Longest-serving US Congressperson dies at 92

Longest-serving US Congressperson dies at 92

In a Washington Post op-ed published the day after his death, former Congressman John Dingell Jr. reflected on Congress' progressive accomplishments and reminded readers that lawmakers serve at the pleasure of the American people.

Flags are directed to be lowered until the evening of February 9.

He was first elected in 1955 and announced in 2014 that he would not be seeking a 30th term in the House.

Aided by powerful allies like Joe Biden and Nancy Pelosi in Congress, Democratic president Bill Clinton repealed two of the four planks of Glass-Steagall in 1999.

Dingell worked alongside 11 presidents for almost six decades in the U.S. House of Representatives.

John Dingell responded: 'Buddy, I think you might want to sit this one out'.

So with that, we give you the greatest hits of John Dingell's colorful Twitter legacy.

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He played a key role in helping pass signature pieces of legislation such as the Civil Rights Act, Medicare, the Clean Water Act, the Clean Air Act, the Endangered Species Act, and the Affordable Care Act, more commonly known as Obamacare.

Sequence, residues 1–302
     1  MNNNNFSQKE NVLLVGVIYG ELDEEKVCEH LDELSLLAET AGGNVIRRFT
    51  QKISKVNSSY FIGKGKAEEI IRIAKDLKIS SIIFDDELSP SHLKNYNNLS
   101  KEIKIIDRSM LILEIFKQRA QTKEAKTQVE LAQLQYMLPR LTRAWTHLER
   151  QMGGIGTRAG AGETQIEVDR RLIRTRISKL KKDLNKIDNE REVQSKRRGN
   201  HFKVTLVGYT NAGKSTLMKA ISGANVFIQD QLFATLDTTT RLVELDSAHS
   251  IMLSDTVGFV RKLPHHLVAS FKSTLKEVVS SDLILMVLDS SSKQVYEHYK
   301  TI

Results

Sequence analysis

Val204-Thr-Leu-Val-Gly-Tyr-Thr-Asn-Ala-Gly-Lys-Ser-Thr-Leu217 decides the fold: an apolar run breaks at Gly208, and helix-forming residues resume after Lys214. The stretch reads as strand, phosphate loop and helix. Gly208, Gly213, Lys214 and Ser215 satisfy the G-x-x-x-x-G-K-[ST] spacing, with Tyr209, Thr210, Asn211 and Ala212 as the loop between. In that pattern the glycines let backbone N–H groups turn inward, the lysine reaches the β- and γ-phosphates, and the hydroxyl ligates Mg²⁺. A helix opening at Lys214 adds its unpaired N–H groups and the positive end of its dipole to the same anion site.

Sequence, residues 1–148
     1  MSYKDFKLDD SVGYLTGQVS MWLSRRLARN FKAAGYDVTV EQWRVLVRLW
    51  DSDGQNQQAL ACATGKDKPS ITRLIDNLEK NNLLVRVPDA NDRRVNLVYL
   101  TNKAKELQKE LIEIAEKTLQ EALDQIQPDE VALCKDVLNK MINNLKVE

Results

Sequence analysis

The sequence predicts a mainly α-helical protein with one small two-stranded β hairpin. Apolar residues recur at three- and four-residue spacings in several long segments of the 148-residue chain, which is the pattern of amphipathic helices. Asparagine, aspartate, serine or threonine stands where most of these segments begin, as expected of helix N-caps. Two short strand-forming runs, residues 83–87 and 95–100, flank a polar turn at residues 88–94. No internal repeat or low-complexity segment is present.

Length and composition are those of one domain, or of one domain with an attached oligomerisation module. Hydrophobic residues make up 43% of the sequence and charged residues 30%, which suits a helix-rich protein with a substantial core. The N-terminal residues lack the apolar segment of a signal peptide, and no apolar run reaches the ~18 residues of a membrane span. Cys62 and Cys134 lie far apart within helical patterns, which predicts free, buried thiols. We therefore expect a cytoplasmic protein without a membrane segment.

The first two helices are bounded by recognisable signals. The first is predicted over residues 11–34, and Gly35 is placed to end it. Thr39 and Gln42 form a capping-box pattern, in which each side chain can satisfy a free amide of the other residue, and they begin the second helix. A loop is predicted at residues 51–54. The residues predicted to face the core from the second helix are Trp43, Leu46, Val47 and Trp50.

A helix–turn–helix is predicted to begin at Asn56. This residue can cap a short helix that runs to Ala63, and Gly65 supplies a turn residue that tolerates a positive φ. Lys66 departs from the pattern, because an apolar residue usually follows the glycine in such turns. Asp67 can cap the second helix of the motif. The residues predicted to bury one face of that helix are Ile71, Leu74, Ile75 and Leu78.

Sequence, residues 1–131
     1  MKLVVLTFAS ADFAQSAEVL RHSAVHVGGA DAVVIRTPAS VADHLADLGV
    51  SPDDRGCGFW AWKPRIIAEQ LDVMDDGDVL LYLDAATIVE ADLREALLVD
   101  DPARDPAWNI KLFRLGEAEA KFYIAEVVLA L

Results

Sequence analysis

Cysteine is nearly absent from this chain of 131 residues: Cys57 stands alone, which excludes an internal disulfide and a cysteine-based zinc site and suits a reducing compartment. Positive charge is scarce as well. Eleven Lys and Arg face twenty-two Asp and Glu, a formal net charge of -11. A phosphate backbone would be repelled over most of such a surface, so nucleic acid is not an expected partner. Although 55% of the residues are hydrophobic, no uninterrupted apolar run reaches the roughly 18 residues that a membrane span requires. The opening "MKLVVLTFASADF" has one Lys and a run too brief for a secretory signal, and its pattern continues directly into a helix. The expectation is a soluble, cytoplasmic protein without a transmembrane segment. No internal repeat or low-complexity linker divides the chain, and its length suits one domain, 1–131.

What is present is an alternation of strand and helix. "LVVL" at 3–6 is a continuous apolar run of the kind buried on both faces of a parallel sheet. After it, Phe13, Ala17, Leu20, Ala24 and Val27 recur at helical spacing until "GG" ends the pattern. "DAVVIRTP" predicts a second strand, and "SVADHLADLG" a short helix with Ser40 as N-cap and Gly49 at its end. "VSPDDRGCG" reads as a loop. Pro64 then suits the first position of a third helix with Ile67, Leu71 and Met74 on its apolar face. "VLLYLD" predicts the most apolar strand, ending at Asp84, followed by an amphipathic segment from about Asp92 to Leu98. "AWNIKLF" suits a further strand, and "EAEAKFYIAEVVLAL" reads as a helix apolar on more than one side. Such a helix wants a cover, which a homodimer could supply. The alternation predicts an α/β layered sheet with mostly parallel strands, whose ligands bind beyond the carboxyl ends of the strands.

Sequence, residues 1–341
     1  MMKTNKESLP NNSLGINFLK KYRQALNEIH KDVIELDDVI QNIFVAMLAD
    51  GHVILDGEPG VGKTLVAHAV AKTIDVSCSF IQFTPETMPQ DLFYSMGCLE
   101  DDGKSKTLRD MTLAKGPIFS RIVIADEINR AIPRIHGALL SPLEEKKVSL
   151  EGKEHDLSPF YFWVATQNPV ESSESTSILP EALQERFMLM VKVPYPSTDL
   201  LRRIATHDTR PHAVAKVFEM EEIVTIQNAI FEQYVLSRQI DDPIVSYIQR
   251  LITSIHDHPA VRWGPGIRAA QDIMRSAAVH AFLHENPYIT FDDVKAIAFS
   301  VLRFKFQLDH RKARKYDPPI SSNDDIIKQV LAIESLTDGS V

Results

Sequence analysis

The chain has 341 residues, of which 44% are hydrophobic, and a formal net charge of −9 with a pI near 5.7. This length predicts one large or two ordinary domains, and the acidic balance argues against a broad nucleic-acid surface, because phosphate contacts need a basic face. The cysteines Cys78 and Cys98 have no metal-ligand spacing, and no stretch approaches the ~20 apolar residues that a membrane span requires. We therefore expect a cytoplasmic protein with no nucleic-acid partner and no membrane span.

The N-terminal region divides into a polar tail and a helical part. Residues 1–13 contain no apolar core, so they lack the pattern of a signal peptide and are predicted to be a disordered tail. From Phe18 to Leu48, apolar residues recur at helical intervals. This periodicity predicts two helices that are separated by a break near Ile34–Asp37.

Those who worked for Dingell said he was never just a boss. Whitmer issued a statement in a news release Thursday night. John Dingell was the longest-serving Democrat in the House of Representatives at the time of his retirement in 2015.

After John was released, Debbie tweeted a photo of him sitting in a wheelchair wearing a University of MI sweatsuit and flashing a thumbs up.

Dingell's wife said on Twitter that she skipped Tuesday's State of the Union address in Washington to be with him as his health declined.

In his later years as a legislator, Dingell navigated Capitol Hill in a motorized scooter bearing a vanity plate emblazoned with the words "THE DEAN", the title for the longest-serving member of the House. Debbie Dingell, says her husband will be interred at Arlington National Cemetery.

Dingell, who had a heart attack in September, had entered hospice care earlier this week, a source close to the family confirmed to CBS News. "I remember he said shooting a rifle is a lot like legislating", former Ohio Rep. Dennis Eckhart told The Associated Press in 2009. He was hospitalized but was soon "cracking jokes as usual", his wife said at the time. Unable to sway a handful of Democrats who opposed mandating universal coverage - and unwilling to compromise on that point - Dingell notified the House speaker, Thomas Foley, that he couldn't muster the votes to produce legislation.

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